More stories

  • in

    New Projects: Shaft, Edison, Catan, and Tom Ford

    New Projects is a weekly round up of movies and TV shows recently announced and currently in development for the near future.  Who’s that bad remake? (Shut your mouth!) New Line Cinema has reportedly acquired the rights to the Shaft franchise and intends to remake the ’70s blaxploitation classic yet again, following the 2000 remake […] More

  • screenshot from Friday
    in

    The Definitive Movies of 1995

    20. Dead Man Walking Directed by: Tim Robbins Susan Sarandon earned herself an Oscar for her work in “Dead Man Walking,” a film directed by her then husband, Tim Robbins. She plays Sister Prejean, a nun who befriends a death row inmate named Matthew (Oscar nominated Sean Penn) as they confide in one another and […] More

  • in

    Watch a 90 Minute Interview with Wes Anderson and Ralph Fiennes

    Wes Anderson recently joined Ralph Fiennes for an extensive, ninety-minute interview with TimesTalk. Apart from discussing his upcoming film The Grand Budapest Hotel, he also pitches his idea for a James Bond movie he wanted to make. Listen/watch the full interview embedded below, and read our review of The Grand Budapest Hotel here. The Grand […] More

  • in

    GFF 2014: ‘The Grand Budapest Hotel’ is perhaps Wes Anderson’s most ambitious film to date, and one of his best

    More than perhaps any other director, the work of Ernst Lubitsch has been the most noticeable influence on Wes Anderson’s style. Though the great German-American writer-director, most prolific in the 1930s and 1940s, was never quite so aesthetically bold in the look of his sets, he too was preoccupied with meticulous staging for comedy within his chosen locales, be they the titular Shop Around the Corner or the Parisian hotel of Ninotchka; The Grand Budapest Hotel is set in a fictional European country, the Republic of Zubrowka, another Lubitsch trait from works like The Merry Widow and The Love Parade, though The Shop Around the Corner happens to be set in the city Anderson’s mountaintop lodging house takes its name from. He garnered the descriptor of ‘the Lubitsch touch’ thanks to the moving sincerity that always made itself evident within even his more broad comedic premises, and Anderson’s own best work is that in which a recognisable humanism always makes itself known and potent even within the stylised stiltedness through which most of his characters are written and performed. More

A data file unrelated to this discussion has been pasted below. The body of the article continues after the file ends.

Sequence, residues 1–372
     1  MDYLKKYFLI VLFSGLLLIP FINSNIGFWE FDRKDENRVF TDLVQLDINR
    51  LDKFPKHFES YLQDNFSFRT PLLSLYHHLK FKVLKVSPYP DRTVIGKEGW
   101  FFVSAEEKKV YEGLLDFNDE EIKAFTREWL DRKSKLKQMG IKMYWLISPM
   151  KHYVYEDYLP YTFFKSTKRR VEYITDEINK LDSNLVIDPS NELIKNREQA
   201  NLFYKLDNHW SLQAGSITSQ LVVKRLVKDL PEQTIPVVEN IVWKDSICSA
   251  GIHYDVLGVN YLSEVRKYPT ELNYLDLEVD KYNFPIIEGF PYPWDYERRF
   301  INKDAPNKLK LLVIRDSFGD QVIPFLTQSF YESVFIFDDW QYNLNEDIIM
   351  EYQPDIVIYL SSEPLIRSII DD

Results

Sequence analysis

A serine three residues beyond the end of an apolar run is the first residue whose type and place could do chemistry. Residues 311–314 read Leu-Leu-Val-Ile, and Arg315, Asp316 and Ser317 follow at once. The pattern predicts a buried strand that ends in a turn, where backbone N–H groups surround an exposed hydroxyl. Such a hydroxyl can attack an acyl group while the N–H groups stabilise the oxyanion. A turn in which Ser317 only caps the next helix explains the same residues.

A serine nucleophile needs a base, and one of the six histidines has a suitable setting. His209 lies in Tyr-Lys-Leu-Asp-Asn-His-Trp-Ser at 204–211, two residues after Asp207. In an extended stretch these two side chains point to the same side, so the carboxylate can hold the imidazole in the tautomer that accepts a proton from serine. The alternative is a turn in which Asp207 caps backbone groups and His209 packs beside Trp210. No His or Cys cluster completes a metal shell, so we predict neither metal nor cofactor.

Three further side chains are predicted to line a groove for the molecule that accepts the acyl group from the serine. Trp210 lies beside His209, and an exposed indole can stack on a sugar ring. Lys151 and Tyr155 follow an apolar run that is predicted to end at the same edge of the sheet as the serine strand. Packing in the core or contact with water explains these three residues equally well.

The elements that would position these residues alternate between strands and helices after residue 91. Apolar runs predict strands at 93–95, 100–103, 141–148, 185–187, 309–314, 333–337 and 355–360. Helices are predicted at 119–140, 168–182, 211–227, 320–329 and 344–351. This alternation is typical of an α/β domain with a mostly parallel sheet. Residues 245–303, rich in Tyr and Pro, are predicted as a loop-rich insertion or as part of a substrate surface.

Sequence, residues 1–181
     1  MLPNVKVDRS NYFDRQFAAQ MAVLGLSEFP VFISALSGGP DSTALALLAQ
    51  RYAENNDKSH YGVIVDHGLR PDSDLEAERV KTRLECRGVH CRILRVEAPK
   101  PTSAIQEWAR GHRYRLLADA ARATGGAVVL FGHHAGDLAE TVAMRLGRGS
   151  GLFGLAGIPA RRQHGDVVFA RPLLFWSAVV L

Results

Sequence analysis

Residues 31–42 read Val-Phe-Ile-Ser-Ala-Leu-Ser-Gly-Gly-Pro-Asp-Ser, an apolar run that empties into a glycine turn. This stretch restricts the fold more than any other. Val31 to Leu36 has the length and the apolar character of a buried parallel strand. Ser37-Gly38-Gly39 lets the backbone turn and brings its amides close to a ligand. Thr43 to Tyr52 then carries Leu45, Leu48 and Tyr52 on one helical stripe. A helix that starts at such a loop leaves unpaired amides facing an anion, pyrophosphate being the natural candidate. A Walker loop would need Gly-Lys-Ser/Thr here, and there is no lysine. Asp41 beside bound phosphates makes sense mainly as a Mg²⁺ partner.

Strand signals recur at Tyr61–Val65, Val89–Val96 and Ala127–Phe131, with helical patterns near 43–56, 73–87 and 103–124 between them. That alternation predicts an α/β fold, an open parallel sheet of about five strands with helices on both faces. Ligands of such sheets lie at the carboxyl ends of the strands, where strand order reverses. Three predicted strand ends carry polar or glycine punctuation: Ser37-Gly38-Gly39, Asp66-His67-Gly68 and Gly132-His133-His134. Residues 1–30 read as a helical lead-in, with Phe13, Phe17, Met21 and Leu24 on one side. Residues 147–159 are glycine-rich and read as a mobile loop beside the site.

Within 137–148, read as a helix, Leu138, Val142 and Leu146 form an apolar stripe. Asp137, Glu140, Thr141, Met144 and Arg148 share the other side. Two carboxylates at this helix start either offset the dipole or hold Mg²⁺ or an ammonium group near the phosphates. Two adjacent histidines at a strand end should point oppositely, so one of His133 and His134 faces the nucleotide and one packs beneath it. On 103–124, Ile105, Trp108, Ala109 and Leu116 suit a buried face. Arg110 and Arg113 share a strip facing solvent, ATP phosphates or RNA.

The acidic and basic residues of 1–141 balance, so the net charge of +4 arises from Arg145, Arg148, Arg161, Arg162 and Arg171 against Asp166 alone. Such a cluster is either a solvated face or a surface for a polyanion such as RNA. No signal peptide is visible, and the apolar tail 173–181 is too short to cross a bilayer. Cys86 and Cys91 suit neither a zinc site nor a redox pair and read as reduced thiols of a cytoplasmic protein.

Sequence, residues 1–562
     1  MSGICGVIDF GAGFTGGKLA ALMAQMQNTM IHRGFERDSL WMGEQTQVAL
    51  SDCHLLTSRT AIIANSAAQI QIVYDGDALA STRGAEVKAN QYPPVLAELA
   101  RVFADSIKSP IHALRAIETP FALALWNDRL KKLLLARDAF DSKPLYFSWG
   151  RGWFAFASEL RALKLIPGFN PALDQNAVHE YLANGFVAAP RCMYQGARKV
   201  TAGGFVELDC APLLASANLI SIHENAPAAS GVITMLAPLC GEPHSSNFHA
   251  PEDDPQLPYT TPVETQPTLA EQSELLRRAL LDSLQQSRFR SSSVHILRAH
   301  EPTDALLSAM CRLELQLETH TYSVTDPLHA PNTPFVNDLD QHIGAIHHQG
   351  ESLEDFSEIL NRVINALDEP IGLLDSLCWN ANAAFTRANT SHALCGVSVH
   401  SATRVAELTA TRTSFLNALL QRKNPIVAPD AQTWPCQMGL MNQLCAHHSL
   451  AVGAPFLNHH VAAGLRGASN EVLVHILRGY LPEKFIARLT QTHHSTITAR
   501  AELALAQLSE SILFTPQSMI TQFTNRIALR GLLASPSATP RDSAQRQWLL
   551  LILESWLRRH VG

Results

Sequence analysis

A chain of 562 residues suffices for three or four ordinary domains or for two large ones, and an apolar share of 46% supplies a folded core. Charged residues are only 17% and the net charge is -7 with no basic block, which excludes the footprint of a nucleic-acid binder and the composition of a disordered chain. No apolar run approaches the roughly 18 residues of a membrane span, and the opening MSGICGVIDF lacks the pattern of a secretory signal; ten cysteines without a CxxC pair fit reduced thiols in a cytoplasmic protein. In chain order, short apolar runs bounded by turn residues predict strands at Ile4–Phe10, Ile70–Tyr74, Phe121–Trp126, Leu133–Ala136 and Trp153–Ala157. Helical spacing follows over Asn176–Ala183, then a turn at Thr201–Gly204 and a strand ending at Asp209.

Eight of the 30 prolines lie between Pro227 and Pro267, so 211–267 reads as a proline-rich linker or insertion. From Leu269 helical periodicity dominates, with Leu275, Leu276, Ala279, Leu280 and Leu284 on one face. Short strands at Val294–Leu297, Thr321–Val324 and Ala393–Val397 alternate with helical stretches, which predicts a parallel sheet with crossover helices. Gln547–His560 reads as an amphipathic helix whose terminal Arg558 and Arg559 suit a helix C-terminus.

• in

    TIFF 2013: ‘The Invisible Woman’ expertly imparts an ideal meeting of compassionate minds but leaves a bittersweet taste

    The Invisible Woman Written by Abi Morgan Directed by Ralph Fiennes UK, 2013 Actor Ralph Fiennes’ second directorial effort (the first being 2011’s Coriolanus) puts the spotlight on Charles Dickens’ long-term romance with a much younger woman. Fiennes explicates how the prolific Victorian writer came to so brazenly act on his heart’s desires and outside […] More

  • in

    Cinema’s Greatest Villains: The 1990’s

    Villains have always been and will always be some of the most fascinating and memorable characters in the world of genre film.  Here we will take a look at the greatest villains of cinema from the 1990’s. The criteria for this article is the same as in my previous articles Cinema’s Greatest Villains: The 1970’s […] More

  • in

    New trailer released for Mike Newell’s adaptation of Dickens’ ‘Great Expectations’

    Charles Dickens is widely regarded as one of the best novelists in the history of English literature, with many of his stories of the struggles of life in Victorian England, one of which is Great Expectations, standing the test of time and becoming classics. Many of his novels have seen numerous film adaptations, and Great Expectations is no […] More

Load More
Congratulations. You've reached the end of the internet.